lwt

by ocsigen

ocsigen /lwt

OCaml promises and concurrent I/O

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Lwt is a concurrent programming library for OCaml. It provides a single data type: the promise, which is a value that will become determined in the future. Creating a promise spawns a computation. When that computation is I/O, Lwt runs it in parallel with your OCaml code.

OCaml code, including creating and waiting on promises, is run in a single thread by default, so you don't have to worry about locking or preemption. You can detach code to be run in separate threads on an opt-in basis.

Here is a simplistic Lwt program which requests the Google front page, and fails if the request is not completed in five seconds:

open Lwt.Syntax

let () = let request = let* addresses = Lwt_unix.getaddrinfo "google.com" "80" [] in let google = Lwt_unix.((List.hd addresses).ai_addr) in

Lwt_io.(with_connection google (fun (incoming, outgoing) ->
  let* () = write outgoing "GET / HTTP/1.1\r\n" in
  let* () = write outgoing "Connection: close\r\n\r\n" in
  let* response = read incoming in
  Lwt.return (Some response)))

in

let timeout = let* () = Lwt_unix.sleep 5. in Lwt.return None in

match Lwt_main.run (Lwt.pick [request; timeout]) with | Some response -> print_string response | None -> prerr_endline "Request timed out"; exit 1

(* ocamlfind opt -package lwt.unix -linkpkg example.ml && ./a.out *)

In the program, functions such as

Lwt_io.write
create promises. The
let* ... in
construct is used to wait for a promise to become determined; the code after
in
is scheduled to run in a "callback."
Lwt.pick
races promises against each other, and behaves as the first one to complete.
Lwt_main.run
forces the whole promise-computation network to be executed. All the visible OCaml code is run in a single thread, but Lwt internally uses a combination of worker threads and non-blocking file descriptors to resolve in parallel the promises that do I/O.


Overview

Lwt compiles to native code on Linux, macOS, Windows, and other systems. It's also routinely compiled to JavaScript for the front end and Node by jsofocaml.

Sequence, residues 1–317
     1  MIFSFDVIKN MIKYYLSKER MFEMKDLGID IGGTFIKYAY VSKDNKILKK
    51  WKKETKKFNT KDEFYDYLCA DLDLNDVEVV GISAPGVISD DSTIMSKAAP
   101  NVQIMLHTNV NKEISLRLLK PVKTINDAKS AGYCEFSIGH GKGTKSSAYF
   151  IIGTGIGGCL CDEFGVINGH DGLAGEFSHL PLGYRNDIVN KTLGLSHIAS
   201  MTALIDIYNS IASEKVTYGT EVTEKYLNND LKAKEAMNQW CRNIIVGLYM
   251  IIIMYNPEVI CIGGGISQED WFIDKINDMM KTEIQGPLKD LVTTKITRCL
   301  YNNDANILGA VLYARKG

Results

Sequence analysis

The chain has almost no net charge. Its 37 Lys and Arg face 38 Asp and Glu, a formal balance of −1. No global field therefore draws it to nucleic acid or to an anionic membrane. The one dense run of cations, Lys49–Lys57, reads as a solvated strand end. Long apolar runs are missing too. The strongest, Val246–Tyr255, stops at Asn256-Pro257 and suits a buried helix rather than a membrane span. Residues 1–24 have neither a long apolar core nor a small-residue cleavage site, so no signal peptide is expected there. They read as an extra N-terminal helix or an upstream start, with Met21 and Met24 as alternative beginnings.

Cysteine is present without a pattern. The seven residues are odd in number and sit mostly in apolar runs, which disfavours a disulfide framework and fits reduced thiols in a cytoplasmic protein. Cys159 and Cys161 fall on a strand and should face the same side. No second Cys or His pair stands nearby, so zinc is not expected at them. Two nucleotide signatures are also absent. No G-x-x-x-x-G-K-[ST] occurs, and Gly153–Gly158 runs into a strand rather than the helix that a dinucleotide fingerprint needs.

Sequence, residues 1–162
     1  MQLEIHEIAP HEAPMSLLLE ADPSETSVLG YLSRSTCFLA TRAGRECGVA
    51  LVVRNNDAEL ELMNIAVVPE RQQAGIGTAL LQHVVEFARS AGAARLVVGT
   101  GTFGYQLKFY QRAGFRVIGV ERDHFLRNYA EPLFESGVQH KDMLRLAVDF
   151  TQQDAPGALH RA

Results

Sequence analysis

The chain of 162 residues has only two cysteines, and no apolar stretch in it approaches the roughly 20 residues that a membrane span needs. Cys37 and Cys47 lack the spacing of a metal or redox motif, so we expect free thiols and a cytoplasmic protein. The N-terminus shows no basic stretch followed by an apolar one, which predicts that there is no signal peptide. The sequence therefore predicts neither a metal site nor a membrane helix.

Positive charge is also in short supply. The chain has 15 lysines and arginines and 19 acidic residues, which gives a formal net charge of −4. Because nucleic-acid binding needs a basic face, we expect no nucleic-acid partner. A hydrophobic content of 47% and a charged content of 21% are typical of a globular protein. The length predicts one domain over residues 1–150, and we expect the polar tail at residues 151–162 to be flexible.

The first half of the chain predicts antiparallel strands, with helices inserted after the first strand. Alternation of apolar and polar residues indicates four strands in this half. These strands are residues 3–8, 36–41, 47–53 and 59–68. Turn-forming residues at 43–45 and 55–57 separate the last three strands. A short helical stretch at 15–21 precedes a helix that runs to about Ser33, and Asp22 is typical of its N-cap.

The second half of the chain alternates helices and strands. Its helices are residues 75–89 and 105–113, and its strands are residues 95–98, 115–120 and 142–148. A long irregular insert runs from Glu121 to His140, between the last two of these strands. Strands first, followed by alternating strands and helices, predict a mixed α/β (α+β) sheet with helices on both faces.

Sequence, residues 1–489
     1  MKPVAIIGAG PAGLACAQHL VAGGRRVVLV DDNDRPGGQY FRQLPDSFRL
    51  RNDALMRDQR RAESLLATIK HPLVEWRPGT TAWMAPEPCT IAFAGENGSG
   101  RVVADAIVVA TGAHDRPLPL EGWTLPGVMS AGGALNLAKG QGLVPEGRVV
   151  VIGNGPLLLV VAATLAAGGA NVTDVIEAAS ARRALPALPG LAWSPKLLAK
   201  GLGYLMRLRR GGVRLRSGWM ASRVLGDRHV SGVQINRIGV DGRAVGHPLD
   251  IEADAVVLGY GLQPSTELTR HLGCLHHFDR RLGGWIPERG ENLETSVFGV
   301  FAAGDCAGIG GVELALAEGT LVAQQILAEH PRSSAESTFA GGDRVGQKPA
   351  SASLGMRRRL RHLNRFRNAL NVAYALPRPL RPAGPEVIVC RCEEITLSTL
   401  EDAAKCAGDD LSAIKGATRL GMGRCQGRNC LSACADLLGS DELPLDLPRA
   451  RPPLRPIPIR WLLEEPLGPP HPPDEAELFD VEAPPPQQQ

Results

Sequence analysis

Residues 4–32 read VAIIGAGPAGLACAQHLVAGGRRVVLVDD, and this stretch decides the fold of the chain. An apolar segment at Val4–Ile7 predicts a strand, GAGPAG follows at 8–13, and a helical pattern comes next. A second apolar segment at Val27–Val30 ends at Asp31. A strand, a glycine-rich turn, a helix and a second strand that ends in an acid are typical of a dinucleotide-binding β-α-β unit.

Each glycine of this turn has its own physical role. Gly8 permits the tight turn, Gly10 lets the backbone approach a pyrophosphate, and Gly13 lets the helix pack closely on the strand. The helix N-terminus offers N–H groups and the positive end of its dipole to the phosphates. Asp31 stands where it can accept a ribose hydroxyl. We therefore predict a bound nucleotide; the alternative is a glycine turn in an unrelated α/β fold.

In Lwt,

  • The core library
    Lwt
    provides promises...
  • ...and a few pure-OCaml helpers, such as promise-friendly mutexes, condition variables, and mvars.
  • There is a big Unix binding,
    Lwt_unix
    that binds almost every Unix system call. A higher-level module
    Lwt_io
    provides nice I/O channels.
  • Lwt_process
    is for subprocess handling.
  • Lwt_preemptive
    spawns system threads.
  • The PPX syntax allows using all of the above without going crazy!
  • There are also some other helpers, such as
    Lwt_react
    for reactive programming. See the table of contents on the linked manual pages!


Installing

  1. Use your system package manager to install a development libev package. It is often called
    libev-dev
    or
    libev-devel
    .
  2. opam install conf-libev lwt


Documentation

We are currently working on improving the Lwt documentation (drastically; we are rewriting the manual). In the meantime:

  • The current manual can be found here.
  • Mirage has a nicely-written Lwt tutorial.
  • An example of a simple server written in Lwt.
  • Concurrent Programming with Lwt is a nice source of Lwt examples. They are translations of code from the excellent Real World OCaml, but are just as useful if you are not reading the book.

Note: much of the current manual refers to

'a Lwt.t
as "lightweight threads" or just "threads." This will be fixed in the new manual.
'a Lwt.t
is a promise, and has nothing to do with system or preemptive threads.


Contact

Open an issue, visit Discord chat, ask on discuss.ocaml.org, or on Stack Overflow.

Release announcements are made in /r/ocaml, and on discuss.ocaml.org. Watching the repo for "Releases only" is also an option.


Contributing

  • CONTRIBUTING.md
    contains tips for working on the code, such as how to check the code out, how review works, etc. There is also a high-level outline of the code base.
  • Ask us anything, whether it's about working on Lwt, or any question at all about it :)
  • The documentation always needs proofreading and fixes.
  • You are welcome to pick up any other issue, review a PR, add your opinion, etc.
  • Any feedback is welcome, including how to make contributing easier!


Libraries to use with Lwt

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